Category Archives: Justification by Faith

Outline of Galatians

The following are my notes of Ed Gravely’s lecture on Galatians at SEBTS.

Basic Outline of Galatians

I. Rebuke of the False Gospel
Ch. 1-2 – Autobiography and defense of apostleship
Ch. 3-4 – Theological defense of justification by faith

II. Appeal to pursue life in the Spirit
Ch. 5-6 – Practical results of justification by faith

Chapter By Chapter Outline of Galatians

Ch. 1 – Opening: Introducing the letter and the problem.

Ch. 1-2 – Paul’s Gospel and Testimony

Ch. 3 – No justification by works

Ch. 4 – The purpose of the law and the “illustration.”

Ch. 5 – Walk in the Spirit, the fruits of the Spirit

Ch. 6 – Fulfill the Law of Christ.

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Filed under Book Summaries, Galatians, Justification by Faith, Lectures, Scripture, SEBTS

Is Your Prayer Life Lacking?

“Therefore, since we have been justified by faith, we have peace with God”

Notice that we have peace with God and not the peace of God. What is the difference?

Peace with God is objective. It means there is no hostility between God and us. The peace of God is subjective. It is the feeling of peacefulness that may ebb and flow.

Think about it like peace between 2 nations that are at peace with each other. The peace countryside of at the top of quiet mountain is the feeling “the peace of” that country, but the lack of war between 2 nations is peace with each other.

What it means to have peace “with” God is that He is no longer hostile towards us.

Do you see how Romans 5:1, the first verse of the second main section, answers Roman 1:18, the first verse of the first main section?

Peace with God is the opposite of being under the wrath of God. If you are a believer in Jesus Christ than this means God is not angry with you and has already been poured out on Jesus. There is no wrath against you.

You must believe that God is not and never will be angry with you. Otherwise you will not be able to receive the next blessing in Romans 5:2. “Through him we have also obtained access by faith into this grace in which we stand, and we rejoice in hope of the glory of God.”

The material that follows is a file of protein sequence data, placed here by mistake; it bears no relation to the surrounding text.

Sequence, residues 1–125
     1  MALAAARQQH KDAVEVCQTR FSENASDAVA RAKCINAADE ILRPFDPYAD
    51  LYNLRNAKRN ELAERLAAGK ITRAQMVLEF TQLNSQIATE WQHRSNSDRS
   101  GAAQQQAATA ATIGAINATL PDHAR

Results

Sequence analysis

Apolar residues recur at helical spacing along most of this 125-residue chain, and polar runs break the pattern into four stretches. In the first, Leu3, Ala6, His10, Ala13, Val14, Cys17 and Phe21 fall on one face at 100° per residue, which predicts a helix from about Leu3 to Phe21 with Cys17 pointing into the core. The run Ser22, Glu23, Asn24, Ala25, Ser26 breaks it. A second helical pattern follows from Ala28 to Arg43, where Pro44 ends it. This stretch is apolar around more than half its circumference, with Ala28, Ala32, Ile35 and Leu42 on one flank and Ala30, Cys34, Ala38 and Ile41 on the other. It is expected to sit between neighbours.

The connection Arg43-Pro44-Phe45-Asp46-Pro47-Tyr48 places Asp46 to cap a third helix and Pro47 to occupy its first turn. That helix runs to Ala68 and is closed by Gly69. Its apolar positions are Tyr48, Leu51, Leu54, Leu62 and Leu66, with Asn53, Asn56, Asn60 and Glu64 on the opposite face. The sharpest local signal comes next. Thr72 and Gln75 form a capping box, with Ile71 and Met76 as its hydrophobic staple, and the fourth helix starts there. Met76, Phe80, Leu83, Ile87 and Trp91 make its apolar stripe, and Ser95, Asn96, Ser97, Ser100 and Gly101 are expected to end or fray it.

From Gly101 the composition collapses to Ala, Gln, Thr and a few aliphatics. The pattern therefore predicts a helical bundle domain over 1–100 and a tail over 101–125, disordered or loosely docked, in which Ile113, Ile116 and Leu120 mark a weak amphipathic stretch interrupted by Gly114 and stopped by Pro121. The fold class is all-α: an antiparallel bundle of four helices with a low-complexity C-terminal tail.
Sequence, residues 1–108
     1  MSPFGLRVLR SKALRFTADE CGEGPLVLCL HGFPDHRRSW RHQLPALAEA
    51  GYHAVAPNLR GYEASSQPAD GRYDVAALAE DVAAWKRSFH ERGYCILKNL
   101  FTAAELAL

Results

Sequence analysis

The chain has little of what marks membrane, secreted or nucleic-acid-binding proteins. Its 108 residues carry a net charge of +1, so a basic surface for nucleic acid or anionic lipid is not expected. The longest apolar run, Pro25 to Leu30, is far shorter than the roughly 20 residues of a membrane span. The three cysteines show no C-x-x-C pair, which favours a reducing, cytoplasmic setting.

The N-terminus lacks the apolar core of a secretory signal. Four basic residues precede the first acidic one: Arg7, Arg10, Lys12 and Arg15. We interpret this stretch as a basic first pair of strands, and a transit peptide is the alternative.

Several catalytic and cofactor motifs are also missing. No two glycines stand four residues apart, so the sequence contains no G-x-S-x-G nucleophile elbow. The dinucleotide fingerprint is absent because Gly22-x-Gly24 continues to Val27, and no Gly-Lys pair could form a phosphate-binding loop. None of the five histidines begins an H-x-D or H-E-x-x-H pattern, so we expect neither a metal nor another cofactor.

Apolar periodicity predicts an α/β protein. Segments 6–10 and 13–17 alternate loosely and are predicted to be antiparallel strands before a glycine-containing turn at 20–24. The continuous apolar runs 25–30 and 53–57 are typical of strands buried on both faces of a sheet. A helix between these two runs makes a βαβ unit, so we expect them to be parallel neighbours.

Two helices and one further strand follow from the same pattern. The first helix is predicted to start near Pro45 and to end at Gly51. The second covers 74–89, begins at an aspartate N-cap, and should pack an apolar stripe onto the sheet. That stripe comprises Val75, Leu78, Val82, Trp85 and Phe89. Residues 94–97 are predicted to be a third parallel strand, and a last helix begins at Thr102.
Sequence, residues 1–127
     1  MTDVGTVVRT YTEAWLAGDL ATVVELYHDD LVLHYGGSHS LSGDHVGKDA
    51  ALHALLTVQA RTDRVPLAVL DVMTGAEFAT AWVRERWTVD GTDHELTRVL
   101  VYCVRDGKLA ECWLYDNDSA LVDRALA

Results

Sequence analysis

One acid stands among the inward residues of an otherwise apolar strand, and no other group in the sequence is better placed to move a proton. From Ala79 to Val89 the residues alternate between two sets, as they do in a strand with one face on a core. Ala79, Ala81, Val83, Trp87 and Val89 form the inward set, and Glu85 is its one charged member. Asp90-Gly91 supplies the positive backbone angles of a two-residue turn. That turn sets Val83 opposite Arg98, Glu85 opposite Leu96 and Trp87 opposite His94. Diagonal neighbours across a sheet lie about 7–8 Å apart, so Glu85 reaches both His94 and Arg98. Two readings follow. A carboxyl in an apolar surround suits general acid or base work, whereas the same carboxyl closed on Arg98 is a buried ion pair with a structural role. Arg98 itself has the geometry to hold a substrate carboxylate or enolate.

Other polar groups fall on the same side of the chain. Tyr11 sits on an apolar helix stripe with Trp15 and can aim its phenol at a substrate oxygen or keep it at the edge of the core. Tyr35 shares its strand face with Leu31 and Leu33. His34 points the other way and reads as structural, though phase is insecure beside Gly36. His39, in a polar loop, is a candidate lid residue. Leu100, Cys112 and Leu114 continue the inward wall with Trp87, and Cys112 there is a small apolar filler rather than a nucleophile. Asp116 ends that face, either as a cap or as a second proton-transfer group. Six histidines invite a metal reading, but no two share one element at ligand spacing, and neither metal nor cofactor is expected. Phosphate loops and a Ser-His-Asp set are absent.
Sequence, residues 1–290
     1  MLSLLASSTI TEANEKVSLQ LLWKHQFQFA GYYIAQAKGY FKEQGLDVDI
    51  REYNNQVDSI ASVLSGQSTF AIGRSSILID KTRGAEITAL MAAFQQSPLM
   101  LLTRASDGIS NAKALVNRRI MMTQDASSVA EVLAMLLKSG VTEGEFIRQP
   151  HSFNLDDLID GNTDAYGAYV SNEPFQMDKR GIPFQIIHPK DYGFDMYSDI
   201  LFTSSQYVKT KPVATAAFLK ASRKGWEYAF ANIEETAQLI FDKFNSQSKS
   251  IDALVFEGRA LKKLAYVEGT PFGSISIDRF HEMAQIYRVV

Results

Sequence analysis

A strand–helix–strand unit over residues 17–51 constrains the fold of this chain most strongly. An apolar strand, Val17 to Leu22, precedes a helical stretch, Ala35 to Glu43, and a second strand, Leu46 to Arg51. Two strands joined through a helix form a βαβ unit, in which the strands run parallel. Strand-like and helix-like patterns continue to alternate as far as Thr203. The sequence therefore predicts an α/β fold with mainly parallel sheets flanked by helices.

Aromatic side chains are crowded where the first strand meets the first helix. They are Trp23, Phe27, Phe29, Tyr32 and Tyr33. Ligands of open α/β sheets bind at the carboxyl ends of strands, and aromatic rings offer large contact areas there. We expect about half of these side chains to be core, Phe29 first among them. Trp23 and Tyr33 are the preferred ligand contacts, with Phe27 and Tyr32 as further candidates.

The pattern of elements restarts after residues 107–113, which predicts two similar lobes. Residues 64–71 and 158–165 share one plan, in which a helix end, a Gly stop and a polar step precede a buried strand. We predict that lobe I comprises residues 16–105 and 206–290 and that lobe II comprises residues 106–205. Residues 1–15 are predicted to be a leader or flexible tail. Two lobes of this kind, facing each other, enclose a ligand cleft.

Access is only used 2 other times in the NT and both times it is by Paul in Ephesians and both times it has to do with prayer.

Is Your Prayer Life Lacking?

It is hard to pray if you think God is angry with you. If you think God is angry with you when you sin, then you will not go to him in prayer nearly as often as you would if you knew that he was not angry with you.

If you do not have much of a prayer life, the problem might be because you do not understand justification by faith alone. There are a lot of devotional writings that make us feel guilty about our prayerlessness and they are not helping you. Continue reading

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Filed under Justification by Faith, Prayer, Romans, Sanctification, Sermons, The Gospel

Are We Too Obsessed With Our Sanctification?

“Therefore, since we have been justified by faith.”

This phrase sums up Romans 1-4. We are justified by faith alone apart from works of the law.

If justification were by works, then no one would be justified. For no one has done good works that meet God’s standard. All are guilty of idolatry, all are unrighteous, all suppress the truth, all are worthy of the outpouring of God’s wrath etc… If there were not a way to be justified by faith, then no one would be justified.

Justification by is by faith alone because it gives all glory to God. Faith simply receives God’s grace and therefore excludes all boasting (Romans 3:27).

Paul Turns A Corner

In chapter 5, Paul turns a corner in this great letter to the Romans. He is no longer arguing for the doctrine of justification by faith, but unpacking the glorious results of this truth.

To say that this is major turning point in Romans is contrary to many commentaries or outlines that you will come across when studying Romans. Most outlines that you will find on the book of Romans look like this: Continue reading

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Luther’s Understanding of Christian Freedom

Martin Luther believed God’s word taught that men are justified freely from the demand of the law only by faith in the finished work of Jesus Christ. This is, of course, in contrast to being justified by works of the law. Those who are trying to justify themselves by the law are not at all free, but in bondage to the law. Luther rightly understands the biblical teaching of justification by faith alone and how this doctrine completely frees a Christian in order to do good works both for God and for their neighbor.

Only until we have freely received the imputed righteousness of Jesus Christ will we ever be able to please God with any of our works. Any man who does not have faith in Christ will not do a single work for God or their neighbor to the glory of Christ. All non-Christian works are attempts to justify themselves before God and is ultimately self-serving. This is what Paul teaches in Romans 14:23 that “whatever does not proceed from faith is sin.”

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Filed under Justification by Faith, Law and Gospel, Sanctification, The Gospel